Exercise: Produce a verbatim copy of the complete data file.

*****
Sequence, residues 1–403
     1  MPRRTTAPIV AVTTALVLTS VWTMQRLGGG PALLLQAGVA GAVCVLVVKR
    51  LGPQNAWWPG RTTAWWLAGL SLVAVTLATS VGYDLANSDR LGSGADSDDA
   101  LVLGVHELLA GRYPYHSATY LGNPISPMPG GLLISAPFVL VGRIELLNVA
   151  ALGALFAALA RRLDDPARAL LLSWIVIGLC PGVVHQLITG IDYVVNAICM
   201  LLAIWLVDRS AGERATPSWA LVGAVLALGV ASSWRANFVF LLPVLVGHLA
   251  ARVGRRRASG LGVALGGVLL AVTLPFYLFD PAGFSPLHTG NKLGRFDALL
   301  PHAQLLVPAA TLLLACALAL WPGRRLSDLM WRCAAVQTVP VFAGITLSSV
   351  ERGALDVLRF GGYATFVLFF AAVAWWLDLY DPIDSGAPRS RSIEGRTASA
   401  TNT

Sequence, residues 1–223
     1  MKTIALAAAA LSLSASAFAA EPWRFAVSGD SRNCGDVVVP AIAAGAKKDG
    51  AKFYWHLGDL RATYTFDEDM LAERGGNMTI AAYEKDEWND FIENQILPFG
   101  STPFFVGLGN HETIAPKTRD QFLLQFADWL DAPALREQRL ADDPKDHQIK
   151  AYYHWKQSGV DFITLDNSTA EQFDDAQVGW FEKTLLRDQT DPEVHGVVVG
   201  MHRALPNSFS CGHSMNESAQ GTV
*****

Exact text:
Sequence, residues 1–403
     1  MPRRTTAPIV AVTTALVLTS VWTMQRLGGG PALLLQAGVA GAVCVLVVKR
    51  LGPQNAWWPG RTTAWWLAGL SLVAVTLATS VGYDLANSDR LGSGADSDDA
   101  LVLGVHELLA GRYPYHSATY LGNPISPMPG GLLISAPFVL VGRIELLNVA
   151  ALGALFAALA RRLDDPARAL LLSWIVIGLC PGVVHQLITG IDYVVNAICM
   201  LLAIWLVDRS AGERATPSWA LVGAVLALGV ASSWRANFVF LLPVLVGHLA
   251  ARVGRRRASG LGVALGGVLL AVTLPFYLFD PAGFSPLHTG NKLGRFDALL
   301  PHAQLLVPAA TLLLACALAL WPGRRLSDLM WRCAAVQTVP VFAGITLSSV
   351  ERGALDVLRF GGYATFVLFF AAVAWWLDLY DPIDSGAPRS RSIEGRTASA
   401  TNT

Sequence, residues 1–223
     1  MKTIALAAAA LSLSASAFAA EPWRFAVSGD SRNCGDVVVP AIAAGAKKDG
    51  AKFYWHLGDL RATYTFDEDM LAERGGNMTI AAYEKDEWND FIENQILPFG
   101  STPFFVGLGN HETIAPKTRD QFLLQFADWL DAPALREQRL ADDPKDHQIK
   151  AYYHWKQSGV DFITLDNSTA EQFDDAQVGW FEKTLLRDQT DPEVHGVVVG
   201  MHRALPNSFS CGHSMNESAQ GTV